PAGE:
Biting the Bullet: Defense Mechanisms of Bullet Ants (Paraponera clavata)

Being stung by a bee was one of the more unpleasant experiences in my life. I can still remember the lingering pain even after removing the stinger *ouch*. Entomologist Justin Schmidt compiled the sting pain index-which ranks pain on a scale from 0 to 4 to gauge the effectiveness of insect defense mechanisms (The Word, 2007). The honeybee scores 2 and is the benchmark against which all insect stings are measured. In other words, a bee sting ranks fairly average on the sting pain index.

Behold, the Bullet Ant ( Paraponera clavata), best known for its giant size (18-25mm) and unusually severe sting, giving it a 4+ rating on the sting pain index, making it the most debilitating sting known for any insect.


Paraponera clavata  Misahaullí, Napo, Ecuador

Paraponera clavata


Bullet Ants resemble stout, reddish-black wingless wasps and they can be found in South America, particularly Atlantic coastal lowland rain forests, the Amazon River Basin as well as Costa Rica and Peru. Natural enemies of the Bullet Ant include other ant species and parasitoid Phorid flies (Morgan, 2012).


Paraponera clavata foundress queen foraging along the Amazonian forest floor.  Jatun Sacha reserve, Napo, Ecuador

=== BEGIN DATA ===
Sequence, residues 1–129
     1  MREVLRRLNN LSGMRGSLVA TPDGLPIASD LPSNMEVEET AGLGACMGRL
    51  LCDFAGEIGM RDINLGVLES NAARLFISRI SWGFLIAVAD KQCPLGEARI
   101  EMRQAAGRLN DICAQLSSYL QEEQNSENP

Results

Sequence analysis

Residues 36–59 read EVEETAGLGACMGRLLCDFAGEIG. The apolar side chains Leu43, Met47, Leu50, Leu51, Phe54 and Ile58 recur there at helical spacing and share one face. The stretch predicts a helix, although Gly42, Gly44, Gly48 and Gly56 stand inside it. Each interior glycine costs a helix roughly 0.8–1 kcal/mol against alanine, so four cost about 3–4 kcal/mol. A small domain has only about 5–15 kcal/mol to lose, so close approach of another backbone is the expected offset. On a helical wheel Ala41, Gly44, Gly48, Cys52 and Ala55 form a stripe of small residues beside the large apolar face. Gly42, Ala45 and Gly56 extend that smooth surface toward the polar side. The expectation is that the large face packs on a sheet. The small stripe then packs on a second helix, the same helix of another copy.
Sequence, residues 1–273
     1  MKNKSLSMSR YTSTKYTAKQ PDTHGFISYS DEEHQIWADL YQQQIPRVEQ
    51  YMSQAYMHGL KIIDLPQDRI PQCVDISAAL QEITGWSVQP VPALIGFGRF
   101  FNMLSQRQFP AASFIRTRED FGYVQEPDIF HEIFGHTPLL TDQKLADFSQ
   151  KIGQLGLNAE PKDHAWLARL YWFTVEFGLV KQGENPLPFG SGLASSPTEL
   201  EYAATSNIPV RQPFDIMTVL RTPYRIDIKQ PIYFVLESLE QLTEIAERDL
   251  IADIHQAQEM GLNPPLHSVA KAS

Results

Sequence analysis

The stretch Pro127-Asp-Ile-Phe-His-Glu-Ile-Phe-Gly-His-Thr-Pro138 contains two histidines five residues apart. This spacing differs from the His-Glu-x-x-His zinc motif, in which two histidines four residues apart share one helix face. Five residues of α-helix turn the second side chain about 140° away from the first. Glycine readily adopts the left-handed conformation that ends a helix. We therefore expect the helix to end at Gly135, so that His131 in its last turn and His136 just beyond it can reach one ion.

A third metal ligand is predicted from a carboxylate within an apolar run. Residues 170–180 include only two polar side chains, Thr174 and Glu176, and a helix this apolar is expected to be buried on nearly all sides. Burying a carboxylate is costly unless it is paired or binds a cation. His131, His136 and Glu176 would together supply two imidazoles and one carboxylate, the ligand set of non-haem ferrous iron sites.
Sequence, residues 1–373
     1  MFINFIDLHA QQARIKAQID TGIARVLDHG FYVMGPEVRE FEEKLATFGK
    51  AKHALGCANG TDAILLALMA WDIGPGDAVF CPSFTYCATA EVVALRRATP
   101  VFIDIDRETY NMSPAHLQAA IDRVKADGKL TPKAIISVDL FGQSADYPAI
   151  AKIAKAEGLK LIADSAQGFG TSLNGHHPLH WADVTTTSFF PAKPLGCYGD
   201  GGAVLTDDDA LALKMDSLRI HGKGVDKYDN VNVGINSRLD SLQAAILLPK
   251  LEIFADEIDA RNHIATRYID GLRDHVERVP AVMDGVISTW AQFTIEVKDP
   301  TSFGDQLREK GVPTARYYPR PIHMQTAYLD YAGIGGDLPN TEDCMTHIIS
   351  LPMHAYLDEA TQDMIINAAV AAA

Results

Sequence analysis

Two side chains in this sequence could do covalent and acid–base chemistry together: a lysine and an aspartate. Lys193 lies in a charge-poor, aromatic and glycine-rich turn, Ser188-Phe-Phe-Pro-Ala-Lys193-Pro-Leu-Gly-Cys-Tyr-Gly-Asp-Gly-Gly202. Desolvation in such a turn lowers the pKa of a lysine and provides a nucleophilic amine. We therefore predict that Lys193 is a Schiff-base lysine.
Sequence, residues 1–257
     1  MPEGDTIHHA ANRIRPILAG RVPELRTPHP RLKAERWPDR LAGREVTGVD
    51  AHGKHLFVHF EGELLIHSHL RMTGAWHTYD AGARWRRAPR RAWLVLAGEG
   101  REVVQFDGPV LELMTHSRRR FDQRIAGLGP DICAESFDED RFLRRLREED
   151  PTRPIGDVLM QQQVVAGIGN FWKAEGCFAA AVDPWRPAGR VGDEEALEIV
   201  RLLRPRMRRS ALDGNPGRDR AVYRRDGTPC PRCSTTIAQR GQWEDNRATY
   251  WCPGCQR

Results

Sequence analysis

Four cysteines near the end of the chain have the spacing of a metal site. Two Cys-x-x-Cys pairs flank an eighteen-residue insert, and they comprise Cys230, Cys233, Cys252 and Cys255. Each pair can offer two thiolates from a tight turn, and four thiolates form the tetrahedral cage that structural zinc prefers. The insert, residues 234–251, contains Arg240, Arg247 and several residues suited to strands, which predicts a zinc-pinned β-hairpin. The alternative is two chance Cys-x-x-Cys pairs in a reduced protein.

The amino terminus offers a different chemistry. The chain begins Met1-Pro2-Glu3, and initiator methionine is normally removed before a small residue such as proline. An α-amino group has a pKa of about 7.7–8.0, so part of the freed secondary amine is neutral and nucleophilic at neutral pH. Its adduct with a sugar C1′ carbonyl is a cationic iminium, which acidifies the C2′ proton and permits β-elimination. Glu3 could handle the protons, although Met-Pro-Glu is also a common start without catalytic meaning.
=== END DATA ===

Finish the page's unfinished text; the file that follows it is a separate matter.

Paraponera clavata foundress queen foraging along the Amazonian forest floor


So how exactly does the Bullet Ant react to perceived threats? As mentioned earlier, the Bullet Ant has a large well-developed sting which can be used offensively during foraging and defensively for protection. When their nest is disturbed, defenders swarm out, releasing pheromones- a chemical substance that can influence the behaviour of other members of the colony, alerting them of impeding danger (Janzen & Carroll 1983). The Bullet Ants then proceed to mercilessly grab and impale intruders. Additionally, the Bullet Ant boasts abdominal stridulatory (sound producing) organs. When it is disturbed or threatened, the Bullet Ant will let out a high-pitched shriek (yes it shrieks!) to alert the rest of the nest (Morgan, 2012).

Scary things do come in small packages, you have been warned.

(297 words)


  • The Word. 2007. The Word: Sting pain index. New Scientist, 195, 46.
  • Morgan, C.R.2012.  Giant Tropical Bullet Ant, Paraponera clavata, Natural History and Captive Management. Sonoran Arthopod Studies Institute.[online] Available at: <>. Accessed 10th April 2013.
  • Janzen, D.H. & Carroll, C.R.1983.  Paraponera clavata (Bala, Giant Tropical Ant). Costa Rican Natural History (Janzen, D.H., ed.), Univ. Chicago Press, Chicago, pp.752-75.

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